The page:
Chancellor Rishi Sunak is expected to pare back the annual commitment from 0.7 per cent of national income to 0.5 per cent in next week’s spending review.
The cut would mean a saving of about £4 billion a year – which, proponents say, could be pumped into mitigating the domestic effects of the coronavirus pandemic.
But, speaking ahead of this week’s virtual G20 meeting, Mr Cameron said: “Abandoning the 0.7 target for aid would be a moral, strategic and political mistake.
“Moral, because we should be keeping our promises to the world’s poorest. A strategic error, because we would be signalling retreat from one of the UK’s vital acts of global leadership.
“And a political mistake because the UK is about to chair the G7 and important climate change negotiations.”
Speaking to the Daily Telegraph, the former Conservative leader added: “I hope the PM will stick to his clear manifesto promise, maintain UK leadership and save lives.”
Mr Blair, meanwhile, said foreign aid – and the 0.7 per cent target – had been a “great British soft power achievement” and that it had saved millions of lives in Africa by reducing deaths from malaria and HIV.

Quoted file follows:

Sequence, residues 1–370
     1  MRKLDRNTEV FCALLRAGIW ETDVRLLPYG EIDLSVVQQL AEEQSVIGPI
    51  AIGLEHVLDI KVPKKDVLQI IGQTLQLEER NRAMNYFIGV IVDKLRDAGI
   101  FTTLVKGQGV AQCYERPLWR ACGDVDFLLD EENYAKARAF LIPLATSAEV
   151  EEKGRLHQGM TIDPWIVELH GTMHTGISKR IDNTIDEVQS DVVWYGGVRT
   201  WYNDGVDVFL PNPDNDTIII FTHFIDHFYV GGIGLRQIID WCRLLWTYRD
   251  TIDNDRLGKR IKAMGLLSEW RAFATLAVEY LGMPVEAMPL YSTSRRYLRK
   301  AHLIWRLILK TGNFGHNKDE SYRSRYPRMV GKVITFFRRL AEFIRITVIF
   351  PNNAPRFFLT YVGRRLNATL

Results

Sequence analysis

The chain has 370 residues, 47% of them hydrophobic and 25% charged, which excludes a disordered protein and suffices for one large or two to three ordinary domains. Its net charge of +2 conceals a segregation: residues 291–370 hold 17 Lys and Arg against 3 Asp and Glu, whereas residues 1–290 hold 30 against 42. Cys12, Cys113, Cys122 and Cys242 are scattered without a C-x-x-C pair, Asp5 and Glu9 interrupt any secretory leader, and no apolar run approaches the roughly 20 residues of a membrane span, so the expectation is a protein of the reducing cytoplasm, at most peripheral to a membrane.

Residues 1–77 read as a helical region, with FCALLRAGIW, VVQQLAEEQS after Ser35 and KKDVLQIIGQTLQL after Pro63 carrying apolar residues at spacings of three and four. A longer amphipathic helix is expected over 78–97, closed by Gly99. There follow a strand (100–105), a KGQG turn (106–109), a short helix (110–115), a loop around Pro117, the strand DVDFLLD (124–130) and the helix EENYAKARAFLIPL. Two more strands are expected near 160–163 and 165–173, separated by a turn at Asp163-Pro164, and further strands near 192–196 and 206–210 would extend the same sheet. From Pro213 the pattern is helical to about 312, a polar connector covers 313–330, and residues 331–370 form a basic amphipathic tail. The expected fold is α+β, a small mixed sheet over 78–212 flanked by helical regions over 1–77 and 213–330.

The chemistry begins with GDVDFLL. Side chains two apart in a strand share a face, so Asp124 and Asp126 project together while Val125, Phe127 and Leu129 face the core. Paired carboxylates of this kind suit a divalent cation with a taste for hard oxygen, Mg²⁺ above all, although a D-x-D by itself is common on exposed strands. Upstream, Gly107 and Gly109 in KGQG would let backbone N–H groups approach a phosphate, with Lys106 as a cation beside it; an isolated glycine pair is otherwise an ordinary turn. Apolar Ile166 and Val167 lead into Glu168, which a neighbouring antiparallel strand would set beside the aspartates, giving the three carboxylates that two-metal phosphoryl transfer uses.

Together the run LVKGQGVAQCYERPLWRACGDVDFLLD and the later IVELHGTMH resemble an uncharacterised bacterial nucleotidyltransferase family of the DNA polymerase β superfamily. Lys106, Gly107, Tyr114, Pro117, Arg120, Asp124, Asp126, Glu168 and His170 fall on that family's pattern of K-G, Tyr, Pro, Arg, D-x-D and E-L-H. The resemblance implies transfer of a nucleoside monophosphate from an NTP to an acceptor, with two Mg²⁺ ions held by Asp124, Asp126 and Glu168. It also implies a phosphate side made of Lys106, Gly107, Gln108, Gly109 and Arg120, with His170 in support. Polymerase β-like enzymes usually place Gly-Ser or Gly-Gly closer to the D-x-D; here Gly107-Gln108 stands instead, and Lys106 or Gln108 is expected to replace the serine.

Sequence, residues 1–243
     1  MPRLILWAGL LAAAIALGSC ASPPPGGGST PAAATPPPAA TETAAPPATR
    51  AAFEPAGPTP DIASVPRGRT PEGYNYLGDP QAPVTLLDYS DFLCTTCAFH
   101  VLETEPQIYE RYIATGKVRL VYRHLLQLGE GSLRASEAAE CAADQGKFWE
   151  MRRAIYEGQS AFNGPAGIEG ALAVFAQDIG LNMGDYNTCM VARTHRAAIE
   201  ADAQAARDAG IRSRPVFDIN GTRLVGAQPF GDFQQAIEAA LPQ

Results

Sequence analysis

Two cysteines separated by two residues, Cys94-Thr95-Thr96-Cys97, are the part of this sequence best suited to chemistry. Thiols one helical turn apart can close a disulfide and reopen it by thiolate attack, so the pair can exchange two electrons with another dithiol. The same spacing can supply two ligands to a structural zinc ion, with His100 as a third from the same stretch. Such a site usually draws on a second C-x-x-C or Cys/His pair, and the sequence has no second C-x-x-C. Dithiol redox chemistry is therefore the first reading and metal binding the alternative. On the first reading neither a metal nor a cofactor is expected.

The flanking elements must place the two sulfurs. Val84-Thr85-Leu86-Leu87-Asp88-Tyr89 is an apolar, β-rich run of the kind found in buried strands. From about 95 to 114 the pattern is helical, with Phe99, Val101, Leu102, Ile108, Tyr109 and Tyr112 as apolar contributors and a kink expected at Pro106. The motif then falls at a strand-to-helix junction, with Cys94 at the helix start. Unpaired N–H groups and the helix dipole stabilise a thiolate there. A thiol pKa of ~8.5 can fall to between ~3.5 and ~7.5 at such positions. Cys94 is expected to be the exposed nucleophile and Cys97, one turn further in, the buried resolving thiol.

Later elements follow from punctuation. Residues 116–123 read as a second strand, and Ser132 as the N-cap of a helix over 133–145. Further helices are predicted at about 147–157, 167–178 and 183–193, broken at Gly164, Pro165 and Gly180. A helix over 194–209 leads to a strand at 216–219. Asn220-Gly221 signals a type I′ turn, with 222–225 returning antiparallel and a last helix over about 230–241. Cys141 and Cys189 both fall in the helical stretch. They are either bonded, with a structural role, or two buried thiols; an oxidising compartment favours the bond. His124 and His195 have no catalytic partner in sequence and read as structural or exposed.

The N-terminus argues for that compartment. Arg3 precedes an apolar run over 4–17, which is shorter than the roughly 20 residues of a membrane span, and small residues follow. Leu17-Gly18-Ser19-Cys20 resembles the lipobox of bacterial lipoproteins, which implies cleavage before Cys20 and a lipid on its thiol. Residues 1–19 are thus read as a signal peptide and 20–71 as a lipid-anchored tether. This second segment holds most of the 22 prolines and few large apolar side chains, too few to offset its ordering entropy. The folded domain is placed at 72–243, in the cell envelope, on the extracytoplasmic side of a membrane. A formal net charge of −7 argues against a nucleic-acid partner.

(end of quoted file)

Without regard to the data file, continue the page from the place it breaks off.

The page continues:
The former Labour leader said: “It’s enlightened self-interest. Neither the challenge of climate or Covid-19 can be met without Africa. Nor can those of extremism and uncontrolled immigration. To change it is a profound strategic mistake.”
The interventions came after Boris Johnson had already been urged to rethink the plan in a letter signed by 185 development and humanitarian charity leaders including Save The Children, Greenpeace UK, and Unicef UK.
“Now is not the time to renege on our promise to spend 0.7 per cent of our gross national income on aid and development,” they wrote.
“Stepping back from our international commitments is not the solution and risks damaging the UK’s standing globally as we define our role in the world post-Brexit.
“A u-turn on your manifesto commitment twould signal we are a nation willing to balance its books on the backs of the world’s most marginalised people, many of whom are dealing with the impact of Covid-19 on top of existing hardship.”
Mr Johnson’s official spokesman responded to the letter by drawing attention to the fact that the legislation enshrining the 0.7 per cent target in UK law explicitly acknowledged it might not always be met.
www.independent.co.uk 2020-11-21 13:05:46